Ujhazy says he is impressed at what Singtel is doing in terms of unifying all these parts. He says: “They’ve built an interface on top of all the cloud providers and all this connectivity. It’s called the Liquid Infrastructure. Customers can come in through the Liquid Portal and they can choose this and that and it comes down to a single Singtel bill. That’s the sort of complexity that we can push behind the curtain and make it the responsibility of the carrier. It’s quite appealing to customers who don’t want to deal with all that.”

Communications technologies are converging elsewhere. Ujhazy says that in some markets Vodafone plans to offer “IoT Plus”. This brings together traditional IoT (Internet of Things) connectivity with private LTE (Long Term Evolution) and 5G networks, along with edge computing. This is all wrapped together with managed services. In effect, Vodafone is telling customers it will take care of everything. It’s a compelling proposition.


Another aspect of 5G is that it won’t be an overnight revolution. He says: “It is going to be with us for the next 20 years. There’s no need to run up to the buffet to grab a quick bite, it will be here for a while. 

“Everything about the landscape for 5G is a co-existence strategy with 4G. And that 4G network isn’t going anywhere probably for the next two decades. When we look at things like broad widescale coverage over long distances, a lot of that is best left to 4G.” 

The big change will come with stand-alone 5G. Once the millimetre spectrum is available, that will be where customers get to see the promised high speeds. He says: “It is only going to be there in pockets where it is needed. You’ll see a blended environment in terms of the Gs for some time.”

This mixed environment goes for all the Gs: 3, 4 and 5G. Ujhazy says each of them does something interesting. “The 3G is used today for M2M (machine to machine), for cellular connected devices that will probably move to narrowband. Some markets are retiring their 3G, but the message here is all about the overall portfolio of connectivity options you now have as a user.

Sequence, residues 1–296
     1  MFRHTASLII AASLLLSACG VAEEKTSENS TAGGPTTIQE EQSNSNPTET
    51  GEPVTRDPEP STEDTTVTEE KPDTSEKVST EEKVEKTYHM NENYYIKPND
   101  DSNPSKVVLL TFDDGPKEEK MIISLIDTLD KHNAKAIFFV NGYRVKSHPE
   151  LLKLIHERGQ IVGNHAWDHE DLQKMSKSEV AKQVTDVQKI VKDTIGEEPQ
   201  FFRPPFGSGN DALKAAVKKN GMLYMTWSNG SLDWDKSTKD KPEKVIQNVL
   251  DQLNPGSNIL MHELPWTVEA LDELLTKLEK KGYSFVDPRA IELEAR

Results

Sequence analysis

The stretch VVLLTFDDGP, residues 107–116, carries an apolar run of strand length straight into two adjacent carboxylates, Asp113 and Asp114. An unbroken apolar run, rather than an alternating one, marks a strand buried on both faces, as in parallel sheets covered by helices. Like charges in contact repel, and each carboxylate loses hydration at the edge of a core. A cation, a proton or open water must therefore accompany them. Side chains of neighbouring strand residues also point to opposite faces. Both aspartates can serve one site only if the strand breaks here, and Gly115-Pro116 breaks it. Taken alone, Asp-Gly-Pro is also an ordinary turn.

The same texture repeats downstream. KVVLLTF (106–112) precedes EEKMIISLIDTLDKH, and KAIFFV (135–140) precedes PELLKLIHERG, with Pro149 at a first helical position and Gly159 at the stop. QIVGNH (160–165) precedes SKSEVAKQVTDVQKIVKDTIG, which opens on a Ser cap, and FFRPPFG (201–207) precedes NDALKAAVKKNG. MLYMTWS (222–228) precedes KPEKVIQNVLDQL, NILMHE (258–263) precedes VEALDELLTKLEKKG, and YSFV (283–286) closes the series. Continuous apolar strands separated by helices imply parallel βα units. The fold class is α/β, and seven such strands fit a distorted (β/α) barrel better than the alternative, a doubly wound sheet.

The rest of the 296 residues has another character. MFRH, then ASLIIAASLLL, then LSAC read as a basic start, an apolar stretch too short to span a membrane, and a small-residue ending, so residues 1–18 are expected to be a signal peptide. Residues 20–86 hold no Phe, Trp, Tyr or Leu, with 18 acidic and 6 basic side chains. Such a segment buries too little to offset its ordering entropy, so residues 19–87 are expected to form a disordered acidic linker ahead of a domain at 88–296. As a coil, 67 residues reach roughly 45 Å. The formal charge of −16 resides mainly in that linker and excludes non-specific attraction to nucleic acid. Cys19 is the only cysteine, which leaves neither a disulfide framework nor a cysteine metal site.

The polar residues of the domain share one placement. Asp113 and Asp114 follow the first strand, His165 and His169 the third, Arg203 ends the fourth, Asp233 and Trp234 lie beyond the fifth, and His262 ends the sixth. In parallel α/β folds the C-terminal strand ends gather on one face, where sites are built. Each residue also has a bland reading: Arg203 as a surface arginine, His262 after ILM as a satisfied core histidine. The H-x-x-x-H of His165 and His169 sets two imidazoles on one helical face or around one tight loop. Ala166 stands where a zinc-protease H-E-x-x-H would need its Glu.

“It’s the same for enterprise customers and consumers. You have everything from fibre to Wi-Fi 6 to 4G and 5G. We’ve got more choices than ever before and building the right strategy for that is the challenge we face.”


Ujhazy says 5G is going to be huge for the mobile carriers.

He says: “We’ve done a telco capex (capital expenditure) forecast for the Asia-Pacific region excluding China and Japan. The fastest growing single capex item is the build out of 5G radio access networks. It’s going to grow at 93 percent compound annual growth rate (CAGR) over the next five years. That’s in a context of a decline of about 1.6 percent CAGR in their total capex. So, it’s obviously going to be big for operators.”

For Ujhazy, 5G remains mainly an enterprise play, but there is also a consumer play in the mix. He says carriers need 5G technology because it simplifies and streamlines their job of provisioning and managing a cellular customer. They also need it so they can keep offering the increase in performance and capacity that we’ve all come to expect.

He has changed his view of network slicing in the last year. “I didn’t believe in the private networks that are possible with 5G. Vodafone Global changed my mind. They said they have about 160 different requirements – that’s expressions of customer interest – already on the table. So there will be a place for it. I’m not sure how that will make sense over time. But it is coming.”


Sydney-based Hugh Ujhazy is vice president, IoT and telecommunications for IDC. He leads the research company’s analysis of fixed and mobile network services for the Asia-Pacific region.